Ask Your Pharmacist
Did you know that your pharmacist is more than someone who fills prescriptions? They are a key member of your healthcare team. The University of Minnesota College of Pharmacy reminds you that your pharmacist is ready to listen and help.
An important member of your health care team is as close as your local drugstore. With nearly 9 in 10 Americans living within 5 miles of a community pharmacy, your pharmacist may be the health professional you see most often and talk with about your health. Pharmacists can work closely with your doctor or nurse to give you expert information and guidance about your health and any health conditions you may have.
Your pharmacist can help support your health by:
- Talking to you about your medicine. Your pharmacist can explain the small print—what the medicine is for, how best to use it, what side effects you may experience, and what to do if you have side effects.
- Suggesting ways to help you take your medicine. Your pharmacist can help you learn how to take your medicines as directed as well as solve any problems you might have in doing this. For example, your pharmacist can suggest routines or tools such as a daily pillbox to help you take your medicine at the right time in the right dose. Your pharmacist can also help connect you to prescription discounts and aid programs.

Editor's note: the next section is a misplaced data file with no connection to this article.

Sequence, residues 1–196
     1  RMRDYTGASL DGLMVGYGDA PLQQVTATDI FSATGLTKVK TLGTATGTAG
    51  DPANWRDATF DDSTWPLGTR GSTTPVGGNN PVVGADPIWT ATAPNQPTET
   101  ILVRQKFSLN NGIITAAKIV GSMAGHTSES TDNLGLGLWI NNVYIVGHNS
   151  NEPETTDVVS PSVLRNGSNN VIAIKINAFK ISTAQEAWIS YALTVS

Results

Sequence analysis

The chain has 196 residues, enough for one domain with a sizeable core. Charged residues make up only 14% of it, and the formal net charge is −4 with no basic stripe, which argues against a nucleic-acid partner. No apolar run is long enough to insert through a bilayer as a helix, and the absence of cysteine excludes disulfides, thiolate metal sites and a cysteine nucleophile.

- Talking to you about medicine safety. Your pharmacist can give you important advice on which over-the-counter medicines, such as pain medicines and dietary supplements, are safe to use in combination with your prescription medicines.
- Identifying or managing health problems. For example, if you get your blood pressure checked at the drugstore, share your numbers with your pharmacist. Your pharmacist can talk to you about your risk for high blood pressure, help you monitor your blood pressure, and direct you to medical care if needed. Your pharmacist can also consult your doctor to ensure you get the best treatment available.
- Helping you manage other health conditions. Pharmacists can provide immunizations, like yearly flu shots, and teach you how to use health equipment such as blood glucose monitors if you have diabetes and inhalers if you have asthma.
Questions to Ask Your Pharmacist
- What is this medicine supposed to do?
- How and when should I take it?
- What are possible side effects? What should I do if I get them?
- Should I avoid certain activities, like driving or running?
- Should I avoid certain foods while taking the medicine, such as milk products or grapefruit?
- If I’m having problems with this medicine, when should I call my doctor?
- Can you give me a list of my prescribed medicines?